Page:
I wonder what the number of those present that day really represents. Is it the human need that is present within the world? Is it a reminder of the size of the task that is before us? Do all those who came for healing, all those people whom Jesus and the disciples fed, does it represent the call that Jesus has put before our own lives? To love our neighbours? To care for them in radical and new ways? To ask what that looks like, to search for how we can help. To find new ways to share the message of the gospel.
This week I read Pope Francis’ top 10 tips for happiness. One of those things was to stop proselytizing. That through our own life and witness we can better communicate the truth of the gospel. That’s what Jesus does in our story today. Jesus does not teach the people in our story today. He walks amongst them and heals them. He sits with them and journeys with them in their pain and joy. He experiences life with them. Then afterwards he feeds them.
Presbyterians are not known for being good at the traditional style of evangelism. It is a bit of a dirty word. But maybe that’s ok, maybe that is strength. Perhaps that frees us to more easily and accessibly consider other ways that we can demonstrate our faith.
If the people assembled are a metaphor for the need present in the world, are the loaves and the fishes a metaphor for our own meager resources? Do they serve to remind us that through God, with God, in God all things are possible?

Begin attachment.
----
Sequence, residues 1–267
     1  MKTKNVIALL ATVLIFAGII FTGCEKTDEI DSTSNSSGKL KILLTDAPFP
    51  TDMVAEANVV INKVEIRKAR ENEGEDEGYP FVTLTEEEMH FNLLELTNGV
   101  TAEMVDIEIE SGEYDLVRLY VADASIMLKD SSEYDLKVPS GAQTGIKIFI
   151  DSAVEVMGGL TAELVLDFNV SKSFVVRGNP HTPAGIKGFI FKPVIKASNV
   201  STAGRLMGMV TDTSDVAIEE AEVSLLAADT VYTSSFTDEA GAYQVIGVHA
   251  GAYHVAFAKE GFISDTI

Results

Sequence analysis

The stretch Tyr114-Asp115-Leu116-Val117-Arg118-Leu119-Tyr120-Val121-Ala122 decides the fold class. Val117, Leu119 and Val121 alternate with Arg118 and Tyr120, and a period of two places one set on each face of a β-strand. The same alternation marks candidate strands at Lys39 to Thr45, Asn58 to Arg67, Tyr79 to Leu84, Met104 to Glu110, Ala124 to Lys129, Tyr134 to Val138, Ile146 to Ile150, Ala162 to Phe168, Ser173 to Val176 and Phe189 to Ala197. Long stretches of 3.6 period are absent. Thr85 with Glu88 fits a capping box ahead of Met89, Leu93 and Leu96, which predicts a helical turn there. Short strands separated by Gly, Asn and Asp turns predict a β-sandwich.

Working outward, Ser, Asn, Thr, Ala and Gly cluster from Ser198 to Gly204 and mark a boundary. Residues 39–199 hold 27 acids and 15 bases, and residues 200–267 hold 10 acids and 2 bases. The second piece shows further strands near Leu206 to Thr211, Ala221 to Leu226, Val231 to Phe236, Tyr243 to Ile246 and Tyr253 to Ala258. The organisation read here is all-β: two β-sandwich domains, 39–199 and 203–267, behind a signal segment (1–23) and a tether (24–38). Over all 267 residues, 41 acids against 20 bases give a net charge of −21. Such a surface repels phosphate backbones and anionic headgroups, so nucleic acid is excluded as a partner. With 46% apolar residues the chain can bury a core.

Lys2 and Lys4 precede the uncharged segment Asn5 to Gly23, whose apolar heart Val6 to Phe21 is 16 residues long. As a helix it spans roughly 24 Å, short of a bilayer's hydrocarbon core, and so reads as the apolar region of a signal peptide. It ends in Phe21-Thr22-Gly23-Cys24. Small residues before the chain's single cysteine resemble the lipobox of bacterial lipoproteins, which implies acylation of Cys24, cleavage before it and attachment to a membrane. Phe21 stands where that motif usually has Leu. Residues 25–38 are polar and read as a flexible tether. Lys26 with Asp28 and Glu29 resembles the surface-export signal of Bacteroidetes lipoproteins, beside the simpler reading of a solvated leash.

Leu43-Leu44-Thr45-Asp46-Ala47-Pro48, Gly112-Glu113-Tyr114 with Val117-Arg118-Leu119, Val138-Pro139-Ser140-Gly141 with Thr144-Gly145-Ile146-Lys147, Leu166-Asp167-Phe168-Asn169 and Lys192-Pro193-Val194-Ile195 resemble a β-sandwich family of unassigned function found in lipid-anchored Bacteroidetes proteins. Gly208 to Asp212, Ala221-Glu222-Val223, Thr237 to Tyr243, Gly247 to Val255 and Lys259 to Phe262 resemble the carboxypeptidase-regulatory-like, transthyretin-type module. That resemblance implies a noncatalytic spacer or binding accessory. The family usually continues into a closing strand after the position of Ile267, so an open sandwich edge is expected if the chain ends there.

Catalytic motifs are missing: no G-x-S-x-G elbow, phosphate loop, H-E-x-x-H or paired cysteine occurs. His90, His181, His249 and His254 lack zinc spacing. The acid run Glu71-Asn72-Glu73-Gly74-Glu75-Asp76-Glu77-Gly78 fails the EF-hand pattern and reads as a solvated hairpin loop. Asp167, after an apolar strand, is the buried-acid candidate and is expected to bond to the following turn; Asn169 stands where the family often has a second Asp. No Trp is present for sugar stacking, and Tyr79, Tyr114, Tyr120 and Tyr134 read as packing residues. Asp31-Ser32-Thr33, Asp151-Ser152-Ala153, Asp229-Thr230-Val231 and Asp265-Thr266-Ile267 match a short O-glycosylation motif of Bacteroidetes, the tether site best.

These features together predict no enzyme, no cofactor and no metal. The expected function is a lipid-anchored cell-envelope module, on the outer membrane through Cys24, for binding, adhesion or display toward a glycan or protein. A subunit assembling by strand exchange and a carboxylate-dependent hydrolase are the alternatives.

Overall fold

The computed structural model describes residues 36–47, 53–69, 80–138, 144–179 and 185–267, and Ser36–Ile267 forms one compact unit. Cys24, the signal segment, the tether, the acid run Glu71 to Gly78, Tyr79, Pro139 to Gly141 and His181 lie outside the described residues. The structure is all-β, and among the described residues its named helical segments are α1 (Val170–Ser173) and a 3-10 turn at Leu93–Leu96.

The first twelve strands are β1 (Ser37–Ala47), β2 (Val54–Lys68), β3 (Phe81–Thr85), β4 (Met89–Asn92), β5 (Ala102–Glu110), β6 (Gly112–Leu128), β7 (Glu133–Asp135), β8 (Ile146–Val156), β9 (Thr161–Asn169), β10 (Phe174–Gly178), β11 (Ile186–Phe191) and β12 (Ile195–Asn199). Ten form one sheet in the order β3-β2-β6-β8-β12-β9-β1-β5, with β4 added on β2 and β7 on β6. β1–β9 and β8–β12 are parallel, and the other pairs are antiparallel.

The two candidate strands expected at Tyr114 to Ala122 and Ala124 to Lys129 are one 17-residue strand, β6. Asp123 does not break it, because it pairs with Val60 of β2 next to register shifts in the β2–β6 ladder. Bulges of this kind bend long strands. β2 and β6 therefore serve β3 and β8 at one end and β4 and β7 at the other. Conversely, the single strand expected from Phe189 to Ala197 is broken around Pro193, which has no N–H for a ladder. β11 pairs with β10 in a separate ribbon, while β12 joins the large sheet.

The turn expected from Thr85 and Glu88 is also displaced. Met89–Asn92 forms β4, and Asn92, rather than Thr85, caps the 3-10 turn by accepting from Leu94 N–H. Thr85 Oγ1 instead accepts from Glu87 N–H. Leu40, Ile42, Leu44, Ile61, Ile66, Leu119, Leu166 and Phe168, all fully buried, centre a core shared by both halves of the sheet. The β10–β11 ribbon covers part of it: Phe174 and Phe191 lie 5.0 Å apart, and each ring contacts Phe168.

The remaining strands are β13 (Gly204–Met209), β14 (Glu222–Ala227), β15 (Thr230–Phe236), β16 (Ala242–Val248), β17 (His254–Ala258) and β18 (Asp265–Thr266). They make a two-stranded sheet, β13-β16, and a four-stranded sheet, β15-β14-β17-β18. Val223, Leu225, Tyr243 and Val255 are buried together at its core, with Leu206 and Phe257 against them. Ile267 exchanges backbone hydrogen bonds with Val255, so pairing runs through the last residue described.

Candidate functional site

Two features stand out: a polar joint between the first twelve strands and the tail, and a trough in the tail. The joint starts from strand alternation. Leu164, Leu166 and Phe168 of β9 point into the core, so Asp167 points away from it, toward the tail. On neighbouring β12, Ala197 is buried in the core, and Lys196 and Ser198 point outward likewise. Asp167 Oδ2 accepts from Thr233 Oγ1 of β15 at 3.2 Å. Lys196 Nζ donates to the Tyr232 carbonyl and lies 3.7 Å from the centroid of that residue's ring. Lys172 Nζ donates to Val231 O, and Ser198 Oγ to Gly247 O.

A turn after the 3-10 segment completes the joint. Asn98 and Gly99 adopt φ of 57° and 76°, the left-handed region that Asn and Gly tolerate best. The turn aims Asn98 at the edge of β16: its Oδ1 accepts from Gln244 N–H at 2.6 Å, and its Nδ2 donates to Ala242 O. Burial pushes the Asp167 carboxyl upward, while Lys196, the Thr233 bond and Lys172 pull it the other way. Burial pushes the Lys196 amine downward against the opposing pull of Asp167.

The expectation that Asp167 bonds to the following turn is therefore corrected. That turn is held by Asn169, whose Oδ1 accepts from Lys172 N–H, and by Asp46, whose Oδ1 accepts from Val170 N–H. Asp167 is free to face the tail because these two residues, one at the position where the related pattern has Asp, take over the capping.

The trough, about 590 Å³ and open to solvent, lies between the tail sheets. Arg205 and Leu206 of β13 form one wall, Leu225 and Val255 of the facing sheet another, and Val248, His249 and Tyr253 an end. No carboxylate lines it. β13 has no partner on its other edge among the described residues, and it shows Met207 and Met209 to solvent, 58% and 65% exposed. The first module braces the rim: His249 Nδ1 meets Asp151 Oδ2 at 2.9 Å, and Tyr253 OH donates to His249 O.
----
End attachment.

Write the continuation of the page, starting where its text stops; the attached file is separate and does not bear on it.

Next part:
Friends, I believe that in our gospel story today we are provided a glimpse at the radical, transformative power of hospitality. Hospitality is something that this congregation is good at. I’ve only been the minister here for three days and I already know that. How my family and I have been welcomed by you since arriving in Cobourg is a testament to that. From those who worked hard to fix up the office, a place you are all invited to visit for a chat with the pastor. The WA for providing the means to fill the fridge. For those who checked in on us while we didn’t have appliances to make sure we were doing alright.
All of this is a very personal example and it only encompasses the past week. However, all of it is an expression of love and an invitation to hospitality.
Friends, how do we in the midst of our busy lives, when we are weighed down by our daily burdens and distraction, how do we offer up the hospitality that Jesus demonstrates to us?
Are we willing to give of ourselves and our time?
Are we willing to look past the big flashy miracle of the loaves and fishes and allow ourselves to see the very common miracle that is present in the relationships we nurture.
Our challenge is to be open to God’s call to find ways to offer such hospitality to those that we meet. That is how we feed people and that is how we are fed. Amen.
Text: Matthew 14: 13-21